Recently, a mid-sized property developer in Sydney informed me that the average build cost in Sydney was $1500 a square metre. In Queenstown, the average build cost is currently $3000 a square metre.
With our average wage being much less than Sydney’s (not to mention Sydney’s lower food costs) we will always find home ownership challenging.
The housing trust calls $485,000 an affordable house.
With average wages here $45k, that gives us a home at 10.7 times our average wage. The Wellington ‘experts’ tell us that affordable housing is six times the average wage. So unless Queenstown comes up with the $270,000 home, then our town remains unaffordable by all measures, and will continue to be so.
It’s not just Queenstown that’s unaffordable either.
Despite cheaper build costs across the Tasman, it is the land prices that have escalated, just as they have done here. An Australian economic report concludes that 70 per cent of house prices in Sydney and Melbourne were made up of the value of residential land. In Los Angeles regulations inhibit affordable housing, just as they do here. The same happens in the UK. Unaffordable housing, it seems, is a global western ‘disease’.
Far too many regulations, a tax system that favours property ownership; low mortgage rates; continued high immigration numbers despite Labour having promised a reduction; a shortage of builders; expensive building materials and higher taxation. All of these make for unaffordable housing.
Tourism New Zealand boss Stephen England Hall is quoted in the Otago Daily Times saying: “The key beneficiary of tourism is generally central government, and the key cost bearer of providing facilities for tourism tends to be local government ..”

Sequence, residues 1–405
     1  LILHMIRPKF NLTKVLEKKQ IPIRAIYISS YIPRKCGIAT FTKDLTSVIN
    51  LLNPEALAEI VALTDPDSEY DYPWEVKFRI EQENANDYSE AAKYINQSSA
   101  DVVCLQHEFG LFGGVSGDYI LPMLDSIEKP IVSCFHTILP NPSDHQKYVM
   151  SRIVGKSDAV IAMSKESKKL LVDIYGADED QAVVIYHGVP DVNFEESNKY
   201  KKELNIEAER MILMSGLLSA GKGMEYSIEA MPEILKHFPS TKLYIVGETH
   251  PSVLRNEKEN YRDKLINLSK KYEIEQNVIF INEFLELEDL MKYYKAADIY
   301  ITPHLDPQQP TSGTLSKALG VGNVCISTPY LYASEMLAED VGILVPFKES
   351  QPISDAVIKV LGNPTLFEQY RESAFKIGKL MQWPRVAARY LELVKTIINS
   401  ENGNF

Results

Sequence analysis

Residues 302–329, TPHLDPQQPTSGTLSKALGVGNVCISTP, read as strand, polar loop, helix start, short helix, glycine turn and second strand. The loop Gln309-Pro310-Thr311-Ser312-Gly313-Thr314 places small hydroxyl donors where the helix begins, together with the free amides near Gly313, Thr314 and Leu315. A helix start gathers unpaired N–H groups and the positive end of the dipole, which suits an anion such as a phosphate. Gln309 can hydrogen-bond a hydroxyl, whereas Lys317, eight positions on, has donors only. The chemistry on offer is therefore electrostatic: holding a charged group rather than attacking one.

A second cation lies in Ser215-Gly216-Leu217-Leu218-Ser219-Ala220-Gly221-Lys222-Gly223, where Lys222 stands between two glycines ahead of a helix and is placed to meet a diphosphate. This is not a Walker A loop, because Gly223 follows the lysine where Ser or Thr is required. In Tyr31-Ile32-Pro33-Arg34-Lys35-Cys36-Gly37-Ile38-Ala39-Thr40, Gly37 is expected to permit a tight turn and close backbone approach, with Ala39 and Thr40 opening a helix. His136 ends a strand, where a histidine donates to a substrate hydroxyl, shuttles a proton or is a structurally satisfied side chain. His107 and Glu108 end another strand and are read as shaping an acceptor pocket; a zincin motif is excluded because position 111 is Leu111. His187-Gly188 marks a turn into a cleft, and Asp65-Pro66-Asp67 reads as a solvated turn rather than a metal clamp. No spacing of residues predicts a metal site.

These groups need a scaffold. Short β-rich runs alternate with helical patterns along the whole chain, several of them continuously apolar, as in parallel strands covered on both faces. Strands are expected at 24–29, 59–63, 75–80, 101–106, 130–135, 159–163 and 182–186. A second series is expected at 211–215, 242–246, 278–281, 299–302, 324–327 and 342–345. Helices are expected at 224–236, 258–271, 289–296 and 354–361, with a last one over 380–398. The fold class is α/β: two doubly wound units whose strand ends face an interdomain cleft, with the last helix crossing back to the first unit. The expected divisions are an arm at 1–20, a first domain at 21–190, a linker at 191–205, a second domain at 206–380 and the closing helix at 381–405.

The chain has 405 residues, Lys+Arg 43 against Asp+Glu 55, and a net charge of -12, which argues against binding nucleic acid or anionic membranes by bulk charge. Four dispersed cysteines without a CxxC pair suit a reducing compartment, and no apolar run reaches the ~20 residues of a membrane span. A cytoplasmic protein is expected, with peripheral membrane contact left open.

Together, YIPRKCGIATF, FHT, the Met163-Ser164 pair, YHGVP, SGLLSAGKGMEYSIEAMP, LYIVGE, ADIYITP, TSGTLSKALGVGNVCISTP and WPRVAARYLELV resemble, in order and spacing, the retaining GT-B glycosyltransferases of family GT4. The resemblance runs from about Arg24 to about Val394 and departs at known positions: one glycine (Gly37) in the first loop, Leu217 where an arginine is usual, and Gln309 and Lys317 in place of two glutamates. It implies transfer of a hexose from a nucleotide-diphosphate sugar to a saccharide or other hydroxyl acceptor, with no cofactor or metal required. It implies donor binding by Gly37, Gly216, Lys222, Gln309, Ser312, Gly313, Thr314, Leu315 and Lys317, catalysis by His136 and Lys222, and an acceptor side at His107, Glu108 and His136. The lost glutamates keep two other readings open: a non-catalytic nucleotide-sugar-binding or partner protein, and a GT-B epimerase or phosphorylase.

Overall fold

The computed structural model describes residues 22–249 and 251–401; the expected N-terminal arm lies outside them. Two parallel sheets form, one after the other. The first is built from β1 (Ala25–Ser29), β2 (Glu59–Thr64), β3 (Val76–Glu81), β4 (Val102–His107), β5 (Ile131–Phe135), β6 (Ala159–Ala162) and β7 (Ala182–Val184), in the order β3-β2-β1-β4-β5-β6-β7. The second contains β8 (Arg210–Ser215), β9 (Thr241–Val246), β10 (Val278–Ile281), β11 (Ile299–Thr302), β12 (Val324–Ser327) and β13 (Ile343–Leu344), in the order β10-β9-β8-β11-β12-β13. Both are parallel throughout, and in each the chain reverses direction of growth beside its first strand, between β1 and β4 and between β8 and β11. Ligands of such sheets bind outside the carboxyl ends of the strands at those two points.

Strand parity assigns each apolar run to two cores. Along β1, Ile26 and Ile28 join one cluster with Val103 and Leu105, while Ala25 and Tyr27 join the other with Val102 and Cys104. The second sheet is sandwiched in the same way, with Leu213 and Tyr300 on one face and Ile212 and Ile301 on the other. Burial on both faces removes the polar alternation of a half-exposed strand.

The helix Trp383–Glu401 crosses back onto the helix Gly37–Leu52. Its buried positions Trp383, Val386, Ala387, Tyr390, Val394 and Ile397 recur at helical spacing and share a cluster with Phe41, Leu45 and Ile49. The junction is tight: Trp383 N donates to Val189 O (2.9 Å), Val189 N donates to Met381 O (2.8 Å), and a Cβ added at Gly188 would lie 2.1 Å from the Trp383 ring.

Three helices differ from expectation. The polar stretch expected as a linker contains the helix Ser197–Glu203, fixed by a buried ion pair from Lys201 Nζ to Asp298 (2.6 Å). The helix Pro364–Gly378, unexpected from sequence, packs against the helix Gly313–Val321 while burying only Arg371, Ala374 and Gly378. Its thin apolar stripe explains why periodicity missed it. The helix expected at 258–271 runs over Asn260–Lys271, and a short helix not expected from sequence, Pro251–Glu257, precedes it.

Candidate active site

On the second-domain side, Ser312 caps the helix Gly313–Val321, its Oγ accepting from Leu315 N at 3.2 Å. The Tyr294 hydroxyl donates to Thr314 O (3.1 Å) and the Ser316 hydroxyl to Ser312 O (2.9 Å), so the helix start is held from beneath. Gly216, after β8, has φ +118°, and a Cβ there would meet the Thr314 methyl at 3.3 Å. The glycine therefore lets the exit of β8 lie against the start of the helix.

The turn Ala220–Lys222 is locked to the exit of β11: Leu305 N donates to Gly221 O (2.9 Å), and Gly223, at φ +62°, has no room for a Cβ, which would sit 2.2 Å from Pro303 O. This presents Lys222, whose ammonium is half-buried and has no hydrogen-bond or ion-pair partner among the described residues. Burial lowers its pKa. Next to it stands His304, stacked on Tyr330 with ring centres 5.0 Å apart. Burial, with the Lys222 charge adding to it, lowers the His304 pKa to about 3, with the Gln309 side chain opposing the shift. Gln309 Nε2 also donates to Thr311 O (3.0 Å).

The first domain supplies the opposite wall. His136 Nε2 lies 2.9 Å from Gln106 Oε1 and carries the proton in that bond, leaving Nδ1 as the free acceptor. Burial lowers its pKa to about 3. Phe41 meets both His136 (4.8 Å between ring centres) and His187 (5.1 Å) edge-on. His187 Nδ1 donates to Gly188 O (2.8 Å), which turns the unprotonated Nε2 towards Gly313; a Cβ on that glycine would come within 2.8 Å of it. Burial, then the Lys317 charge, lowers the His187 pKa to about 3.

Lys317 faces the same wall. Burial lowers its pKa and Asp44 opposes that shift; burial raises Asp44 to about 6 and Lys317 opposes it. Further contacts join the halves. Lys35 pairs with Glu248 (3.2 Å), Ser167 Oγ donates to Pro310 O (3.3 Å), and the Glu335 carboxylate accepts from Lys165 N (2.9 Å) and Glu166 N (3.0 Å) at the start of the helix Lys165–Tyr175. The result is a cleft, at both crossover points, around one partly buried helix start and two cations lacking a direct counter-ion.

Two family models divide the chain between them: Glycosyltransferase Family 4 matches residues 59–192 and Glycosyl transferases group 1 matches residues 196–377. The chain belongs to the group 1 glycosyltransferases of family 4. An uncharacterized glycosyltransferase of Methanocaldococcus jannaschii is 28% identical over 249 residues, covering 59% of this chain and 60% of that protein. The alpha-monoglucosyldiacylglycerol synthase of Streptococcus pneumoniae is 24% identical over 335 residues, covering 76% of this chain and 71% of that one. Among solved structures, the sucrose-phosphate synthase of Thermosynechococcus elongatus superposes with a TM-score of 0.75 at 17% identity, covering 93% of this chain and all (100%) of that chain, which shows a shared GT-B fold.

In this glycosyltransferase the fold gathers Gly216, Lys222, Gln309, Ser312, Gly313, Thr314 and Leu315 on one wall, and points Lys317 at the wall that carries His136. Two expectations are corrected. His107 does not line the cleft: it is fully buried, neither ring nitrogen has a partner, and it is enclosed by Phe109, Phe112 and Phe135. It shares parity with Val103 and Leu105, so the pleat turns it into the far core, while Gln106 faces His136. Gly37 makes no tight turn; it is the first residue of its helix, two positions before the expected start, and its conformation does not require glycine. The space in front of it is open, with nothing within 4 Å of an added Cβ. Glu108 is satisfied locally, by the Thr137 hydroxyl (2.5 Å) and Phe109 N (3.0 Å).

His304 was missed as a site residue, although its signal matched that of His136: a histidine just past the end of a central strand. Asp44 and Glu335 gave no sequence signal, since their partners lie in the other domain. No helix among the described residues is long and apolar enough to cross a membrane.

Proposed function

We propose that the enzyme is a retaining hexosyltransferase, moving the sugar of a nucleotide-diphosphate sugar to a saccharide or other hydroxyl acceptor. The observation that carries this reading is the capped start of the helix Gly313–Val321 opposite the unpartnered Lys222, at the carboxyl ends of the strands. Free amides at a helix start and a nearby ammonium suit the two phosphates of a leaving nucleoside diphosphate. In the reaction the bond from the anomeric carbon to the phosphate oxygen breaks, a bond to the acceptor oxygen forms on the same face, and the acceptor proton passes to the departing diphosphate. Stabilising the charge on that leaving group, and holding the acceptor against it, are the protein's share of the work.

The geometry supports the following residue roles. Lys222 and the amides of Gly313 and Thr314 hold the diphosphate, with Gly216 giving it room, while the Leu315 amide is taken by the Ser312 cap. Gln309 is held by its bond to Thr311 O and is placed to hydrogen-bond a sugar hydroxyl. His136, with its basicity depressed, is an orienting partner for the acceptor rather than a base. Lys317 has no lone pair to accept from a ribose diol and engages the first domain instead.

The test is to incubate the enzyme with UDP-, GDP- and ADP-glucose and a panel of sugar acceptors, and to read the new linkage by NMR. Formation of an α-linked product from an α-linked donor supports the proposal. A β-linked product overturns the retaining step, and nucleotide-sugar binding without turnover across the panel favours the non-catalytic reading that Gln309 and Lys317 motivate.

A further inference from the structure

Central government doesn’t want to bear the costs of earning those tourism tax dollars, so they dump it back on local government. Our increased rates (essentially a tax increase) can be sheeted home to the need to pay for those tourism revenue dollars.
Our infrastructure is poor, due to a lack of central government investment. They love the money, but they don’t want to stump up the costs of generating that cash, so it’s our community that continues to bear the cost.
Wellington thinks we’re a rich community with average house prices of more than a million dollars. A quick examination of our prices shows that the land upon which the house sits is typically three times the cost of the average house build. Thus, stand-alone houses, over time, will likely morph into lower-priced apartment living. The trade-off for the almighty tourist dollar is a lower standard of living and a diminished quality of life for those who live here.
‘Creating jobs’ should not be about modern slave labour – pay them enough, they will come. If you cannot afford to pay more, then maybe you have an unviable business model.
Most of us are already stressing with higher prices, unaffordable living spaces, longer working hours, traffic congestion, noise and so on. Our obsession with tourism growth is an economic mirage. We talk of limiting this growth but do not know how.
The city of Venice has even more visitors per head of population than we do, and there are calls there for tourist numbers to be reduced. Venetians want their town back.
To Queenstown councillors: When is enough tourists enough? What are you going to do to bring our quality of life back to where it once was? Without adequate infrastructure in place, the current growth is unsustainable.
Mike Ramsay is a keen observer of the Wakatipu